Examining the generalizability of the Hypersexual Behavior Inventory in a large, diverse, non-clinical sample suggests LGBTQ males may be a group most at risk of engaging in hypersexual behavior, and LGBTQ females are at a higher risk of engage in hyper sexual activities due to coping problems.


Forgiveness and the Bottle: Promoting Self-Forgiveness in Individuals Who Abuse Alcohol
People undergoing a routine alcohol treatment protocol and those in the intervention condition reported more positive gains on measures of self-forgiveness and drinking refusal efficacy, as well as guilt and shame over alcohol-related offenses.
Self–Forgiveness: The Stepchild of Forgiveness Research
Although research on interpersonal forgiveness is burgeoning, there is little conceptual or empirical scholarship on self–forgiveness. To stimulate research on this topic, a conceptual analysis of
Measuring Hypersexual Behavior
Research on hypersexual behavior consisting of excessive and uncontrollable sexual fantasies, urges, and behavior has increased in recent years. Although no formal diagnosis for hypersexual behavior
Looking within: Measuring state self-forgiveness and its relationship to psychological well-being.
lthough considerable empirical attention has recently focused on forgiveness, less work has been done on examining self-forgiveness. A major stumbling block for self-forgiveness research has been the
A dark side to self-forgiveness: forgiving the self and its association with chronic unhealthy behaviour.
It was predicted and found that increased self-forgiveness for smoking was associated with a decreased likelihood of advancing through the stages of behavioural change towards action and forgiving the self mediated the relationship between movements from the pre-contemplation to contemplation stage of change.
The Problem with Self-Forgiveness: Forgiving the Self Deters Readiness to Change Among Gamblers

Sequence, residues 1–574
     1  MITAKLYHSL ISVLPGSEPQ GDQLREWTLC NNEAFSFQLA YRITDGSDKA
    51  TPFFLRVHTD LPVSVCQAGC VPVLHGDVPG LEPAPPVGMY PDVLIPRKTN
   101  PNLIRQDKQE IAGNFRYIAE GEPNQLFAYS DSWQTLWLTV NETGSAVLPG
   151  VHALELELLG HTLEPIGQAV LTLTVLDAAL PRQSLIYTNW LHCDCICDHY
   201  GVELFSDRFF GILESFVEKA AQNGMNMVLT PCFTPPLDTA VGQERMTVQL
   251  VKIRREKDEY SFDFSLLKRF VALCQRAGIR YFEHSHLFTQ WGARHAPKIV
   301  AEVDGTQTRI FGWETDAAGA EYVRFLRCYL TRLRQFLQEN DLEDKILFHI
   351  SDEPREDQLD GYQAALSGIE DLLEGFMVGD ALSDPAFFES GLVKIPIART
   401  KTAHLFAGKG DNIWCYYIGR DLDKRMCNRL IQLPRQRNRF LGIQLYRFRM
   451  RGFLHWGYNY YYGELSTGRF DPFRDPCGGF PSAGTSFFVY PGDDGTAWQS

This study examines the possible deleterious consequences of forgiving the self among gamblers—specifically in regard to gamblers’ readiness to change their problematic behavior, and self-forgiveness mediated this relationship.
Assessing psychological symptom patterns of patients seeking help for hypersexual behavior
This study used the Symptom Checklist to examine the psychological symptom patterns among hypersexual patients (n = 59) at intake compared to a control group of non-hypersexual individuals (n = 55).
Coping strategies used by hypersexual patients to defend against the painful effects of shame.
A study investigating coping strategies used by hyper sexual patients compared with a control group revealed that the sample of hypersexual patients defended against shame with higher levels of withdrawal and higher tendencies to attack self and others when compared with the control group.
Self-forgiveness versus excusing: The roles of remorse, effort, and acceptance of responsibility
Recent self-forgiveness research raises thorny issues: Are people who claim to forgive themselves merely excusing their offenses? Might it be adaptive for people to feel distress after they hurt
Moving Toward Self-Forgiveness: Removing Barriers Related to Shame, Guilt, and Regret
When people believe that they have hurt or offended someone, one potentially adaptive response would be to forgive the self. In an ideal process of self-forgiveness, an offender would accept an